A Napa County day-care center that closed last week because of the state's budget impasse opened again Tuesday after a local vintner extended an $80,000 no-interest loan to keep it afloat a few weeks longer.
Children, parents and employees streamed back to the Los Ninos center, happy but still somewhat in disbelief over the bailout. The center cares for 108 mostly low-income infants, toddlers and preschoolers.
Their angel of mercy was Leslie Rudd, a 60-year-old Wichita, Kan., native who moved to the Napa Valley seven years ago to follow a long-held dream of producing wines. He established a philanthropic foundation and decided to help Los Ninos after learning of its plight. Father of a 15-year-old daughter, Rudd said he empathized with the families.
"I just didn't think the children ought to have uncertainty in these uncertain economic times," he said with a modesty that friends called characteristic.
Kevin Block, an attorney and Napa councilman who brokered the loan, said Rudd, a client, had originally wanted to remain anonymous. But Block received permission to release Rudd's name.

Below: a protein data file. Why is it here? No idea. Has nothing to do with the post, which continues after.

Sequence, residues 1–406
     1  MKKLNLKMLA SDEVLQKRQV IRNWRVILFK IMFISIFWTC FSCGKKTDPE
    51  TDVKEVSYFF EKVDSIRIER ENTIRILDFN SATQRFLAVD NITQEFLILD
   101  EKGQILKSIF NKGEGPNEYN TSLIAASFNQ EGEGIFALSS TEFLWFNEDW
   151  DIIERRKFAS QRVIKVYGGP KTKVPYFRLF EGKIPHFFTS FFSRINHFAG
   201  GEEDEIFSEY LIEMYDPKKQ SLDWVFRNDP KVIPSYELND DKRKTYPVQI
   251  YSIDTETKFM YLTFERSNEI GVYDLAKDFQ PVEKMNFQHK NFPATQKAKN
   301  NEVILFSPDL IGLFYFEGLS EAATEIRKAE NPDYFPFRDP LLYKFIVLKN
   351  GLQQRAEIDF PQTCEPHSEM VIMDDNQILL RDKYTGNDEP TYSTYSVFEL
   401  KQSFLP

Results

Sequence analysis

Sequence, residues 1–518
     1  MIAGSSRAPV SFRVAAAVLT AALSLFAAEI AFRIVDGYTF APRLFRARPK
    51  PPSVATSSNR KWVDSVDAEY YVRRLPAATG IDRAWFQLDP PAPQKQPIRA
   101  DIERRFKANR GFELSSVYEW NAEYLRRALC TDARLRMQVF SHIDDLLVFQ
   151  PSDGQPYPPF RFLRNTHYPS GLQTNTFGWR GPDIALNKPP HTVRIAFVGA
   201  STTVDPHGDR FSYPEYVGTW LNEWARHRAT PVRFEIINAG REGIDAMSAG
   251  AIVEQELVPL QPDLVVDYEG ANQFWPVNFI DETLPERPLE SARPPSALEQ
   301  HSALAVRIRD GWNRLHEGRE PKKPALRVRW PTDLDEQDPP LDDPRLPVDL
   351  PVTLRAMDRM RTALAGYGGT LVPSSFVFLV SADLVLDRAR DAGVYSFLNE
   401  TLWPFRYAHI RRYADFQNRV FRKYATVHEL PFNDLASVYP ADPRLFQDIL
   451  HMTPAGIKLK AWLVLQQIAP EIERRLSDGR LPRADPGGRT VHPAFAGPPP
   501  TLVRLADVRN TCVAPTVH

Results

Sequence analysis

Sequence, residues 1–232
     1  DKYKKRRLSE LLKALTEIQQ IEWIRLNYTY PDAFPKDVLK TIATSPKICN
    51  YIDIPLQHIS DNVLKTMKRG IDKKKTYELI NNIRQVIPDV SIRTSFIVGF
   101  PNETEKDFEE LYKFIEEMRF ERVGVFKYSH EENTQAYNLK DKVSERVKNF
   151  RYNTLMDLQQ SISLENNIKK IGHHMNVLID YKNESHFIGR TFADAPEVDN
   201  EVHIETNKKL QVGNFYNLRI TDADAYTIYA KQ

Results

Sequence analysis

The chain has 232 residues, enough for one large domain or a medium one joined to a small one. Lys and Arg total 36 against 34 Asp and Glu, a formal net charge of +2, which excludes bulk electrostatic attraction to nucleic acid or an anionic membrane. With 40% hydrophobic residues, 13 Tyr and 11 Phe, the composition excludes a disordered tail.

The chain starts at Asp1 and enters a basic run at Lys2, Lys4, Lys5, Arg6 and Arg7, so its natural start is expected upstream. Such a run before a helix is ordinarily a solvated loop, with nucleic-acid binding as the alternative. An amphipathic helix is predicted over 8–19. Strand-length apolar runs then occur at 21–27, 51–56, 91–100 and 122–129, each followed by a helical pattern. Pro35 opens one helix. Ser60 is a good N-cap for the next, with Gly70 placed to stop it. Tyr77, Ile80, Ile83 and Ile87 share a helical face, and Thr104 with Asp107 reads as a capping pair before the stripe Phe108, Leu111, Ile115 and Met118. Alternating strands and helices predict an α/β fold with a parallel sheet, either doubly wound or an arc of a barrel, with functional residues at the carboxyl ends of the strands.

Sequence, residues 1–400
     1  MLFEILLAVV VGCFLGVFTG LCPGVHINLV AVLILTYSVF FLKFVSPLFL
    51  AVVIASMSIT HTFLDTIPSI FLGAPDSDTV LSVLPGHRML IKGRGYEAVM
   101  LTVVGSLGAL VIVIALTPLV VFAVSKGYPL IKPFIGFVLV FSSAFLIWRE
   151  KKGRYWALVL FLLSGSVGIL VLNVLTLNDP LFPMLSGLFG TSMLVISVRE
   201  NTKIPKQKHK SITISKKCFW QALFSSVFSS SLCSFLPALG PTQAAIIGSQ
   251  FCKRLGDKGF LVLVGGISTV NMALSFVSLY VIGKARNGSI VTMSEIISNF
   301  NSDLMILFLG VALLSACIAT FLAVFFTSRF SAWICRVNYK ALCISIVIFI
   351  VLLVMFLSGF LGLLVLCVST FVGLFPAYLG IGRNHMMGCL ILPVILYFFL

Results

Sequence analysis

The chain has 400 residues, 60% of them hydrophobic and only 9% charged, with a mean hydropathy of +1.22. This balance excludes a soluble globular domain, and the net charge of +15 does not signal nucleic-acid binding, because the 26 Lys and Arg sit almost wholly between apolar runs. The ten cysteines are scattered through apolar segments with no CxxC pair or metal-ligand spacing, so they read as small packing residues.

"He has a heart as big as the Napa Valley but do not expect to see him on the society pages," said Block. "He's a very soft-spoken, good individual."
Artemisa Medina, administrative assistant at Los Ninos, said the funds would normally keep the center in operation for a month but the center hopes to make it stretch longer through cost-cutting measures.
She and the 23 other employees were busy Tuesday restocking bare cupboards with baby wipes, juices, cereal and other necessities to care for their charges. Parents will be asked to help out with crayons, paper and other classroom supplies.
"I can't even explain the feeling I had, it was so emotional," said Medina on learning that the center would reopen. "It's just great to think that there is someone in the community that is wealthy and is kind and thinking of others. It's great that there are people who are so considerate."
The state's child-care providers normally would have received $380 million in quarterly payments by last week to keep operating. But the state money is being held up until a budget deal is reached, and many centers have said they might be forced to close when their reserves are exhausted. Los Ninos officials said they had no reserve.